Most white Americans are biased against blacks, but it differs across the country. In this map, the redder the state, the higher the hate. Michigan, in gray, is in middle, bias-wise, and the bluer states are less biased than Michigan.
There’s some tricky methodology involved, and there may be some “selection bias,” but if anything, the survey results may underestimate the prejudice.
Most white Americans demonstrate bias against blacks, even if they’re not aware of or able to control it.
It’s a surprisingly little-discussed factor in the anguishing debates over race and law enforcement that followed the shootings of unarmed black men by white police officers.
Such implicit biases — which, if they were to influence split-second law enforcement decisions, could have life or death consequences — are measured by psychological tests, most prominently the computerized Implicit Association Test, which has been taken by over two million people online at the website Project Implicit.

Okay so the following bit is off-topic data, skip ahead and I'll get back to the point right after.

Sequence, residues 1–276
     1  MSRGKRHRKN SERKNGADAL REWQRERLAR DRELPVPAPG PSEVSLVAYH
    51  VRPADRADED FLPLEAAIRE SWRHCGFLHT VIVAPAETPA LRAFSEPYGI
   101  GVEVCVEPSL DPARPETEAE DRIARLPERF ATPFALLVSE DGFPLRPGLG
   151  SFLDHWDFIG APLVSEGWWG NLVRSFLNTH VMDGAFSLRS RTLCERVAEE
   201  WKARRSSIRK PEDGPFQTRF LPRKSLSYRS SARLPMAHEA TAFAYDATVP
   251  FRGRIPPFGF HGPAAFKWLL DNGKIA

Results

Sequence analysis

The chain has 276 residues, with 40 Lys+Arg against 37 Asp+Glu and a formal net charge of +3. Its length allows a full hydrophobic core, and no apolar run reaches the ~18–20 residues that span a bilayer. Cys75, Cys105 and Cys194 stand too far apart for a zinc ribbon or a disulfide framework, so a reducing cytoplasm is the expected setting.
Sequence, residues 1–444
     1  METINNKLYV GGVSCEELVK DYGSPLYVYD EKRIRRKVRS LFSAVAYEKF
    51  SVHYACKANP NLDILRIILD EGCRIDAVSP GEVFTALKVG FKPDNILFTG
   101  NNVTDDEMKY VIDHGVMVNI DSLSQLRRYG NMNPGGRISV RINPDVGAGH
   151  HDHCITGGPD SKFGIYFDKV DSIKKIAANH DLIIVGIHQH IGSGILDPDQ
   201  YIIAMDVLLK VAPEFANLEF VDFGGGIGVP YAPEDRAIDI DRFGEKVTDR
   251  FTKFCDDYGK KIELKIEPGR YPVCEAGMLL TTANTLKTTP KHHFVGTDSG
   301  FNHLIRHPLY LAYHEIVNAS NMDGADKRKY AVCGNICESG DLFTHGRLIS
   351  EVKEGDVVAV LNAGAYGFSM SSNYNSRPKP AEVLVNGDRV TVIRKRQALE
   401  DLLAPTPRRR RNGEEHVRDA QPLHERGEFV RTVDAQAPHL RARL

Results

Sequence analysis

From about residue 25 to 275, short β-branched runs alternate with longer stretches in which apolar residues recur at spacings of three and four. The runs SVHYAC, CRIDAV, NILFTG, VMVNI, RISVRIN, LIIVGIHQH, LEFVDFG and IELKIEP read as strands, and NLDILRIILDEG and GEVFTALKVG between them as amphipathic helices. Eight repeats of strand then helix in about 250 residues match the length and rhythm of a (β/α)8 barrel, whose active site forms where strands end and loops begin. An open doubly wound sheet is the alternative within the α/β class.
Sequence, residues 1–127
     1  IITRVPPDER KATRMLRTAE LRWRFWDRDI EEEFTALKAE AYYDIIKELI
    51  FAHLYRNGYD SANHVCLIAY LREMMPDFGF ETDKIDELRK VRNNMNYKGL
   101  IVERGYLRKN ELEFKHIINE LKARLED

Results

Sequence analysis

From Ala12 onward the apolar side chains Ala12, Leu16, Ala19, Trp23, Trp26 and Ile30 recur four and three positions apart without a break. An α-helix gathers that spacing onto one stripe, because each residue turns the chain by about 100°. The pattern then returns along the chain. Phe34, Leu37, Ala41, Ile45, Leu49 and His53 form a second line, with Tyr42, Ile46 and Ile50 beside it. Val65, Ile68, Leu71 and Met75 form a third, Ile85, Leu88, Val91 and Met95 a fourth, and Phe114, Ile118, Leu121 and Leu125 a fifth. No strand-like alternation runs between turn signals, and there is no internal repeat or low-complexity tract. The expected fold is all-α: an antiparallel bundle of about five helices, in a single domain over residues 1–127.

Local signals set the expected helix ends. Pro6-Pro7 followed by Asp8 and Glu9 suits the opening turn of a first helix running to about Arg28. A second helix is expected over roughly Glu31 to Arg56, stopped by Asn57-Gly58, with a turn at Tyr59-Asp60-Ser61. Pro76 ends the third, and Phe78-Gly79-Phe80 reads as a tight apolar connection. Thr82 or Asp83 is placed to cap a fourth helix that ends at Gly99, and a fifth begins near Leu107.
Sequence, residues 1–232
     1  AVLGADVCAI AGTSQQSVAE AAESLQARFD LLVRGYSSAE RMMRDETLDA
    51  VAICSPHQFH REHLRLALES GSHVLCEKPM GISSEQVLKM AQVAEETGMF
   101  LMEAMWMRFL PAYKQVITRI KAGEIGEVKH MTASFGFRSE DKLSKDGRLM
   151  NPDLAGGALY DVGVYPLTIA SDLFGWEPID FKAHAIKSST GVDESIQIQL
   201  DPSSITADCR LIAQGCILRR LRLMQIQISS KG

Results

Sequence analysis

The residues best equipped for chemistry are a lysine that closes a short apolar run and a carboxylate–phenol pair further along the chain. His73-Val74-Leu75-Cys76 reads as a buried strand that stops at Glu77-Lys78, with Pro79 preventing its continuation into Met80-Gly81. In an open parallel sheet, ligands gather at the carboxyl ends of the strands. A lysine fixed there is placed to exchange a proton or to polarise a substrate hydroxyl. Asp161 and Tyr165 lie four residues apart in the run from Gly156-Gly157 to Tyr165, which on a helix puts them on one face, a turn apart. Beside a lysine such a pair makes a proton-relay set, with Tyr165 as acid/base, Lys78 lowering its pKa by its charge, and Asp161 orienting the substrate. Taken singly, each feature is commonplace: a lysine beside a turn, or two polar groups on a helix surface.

Based on this data, it appears that whites in some states may exhibit higher levels of implicit bias than those in other states. The following map, courtesy of Project Implicit, shows the states with the highest level of implicit bias (high number, red) and lowest level of implicit bias (low number, blue).
Gray represents states with a middle amount of implicit bias;
Michigan is the median state. Overall, the map reflects the scores of 1.51 million individuals, ranging from a high of 99,660 test takers from California to a low of 1,722 test takers from Hawaii.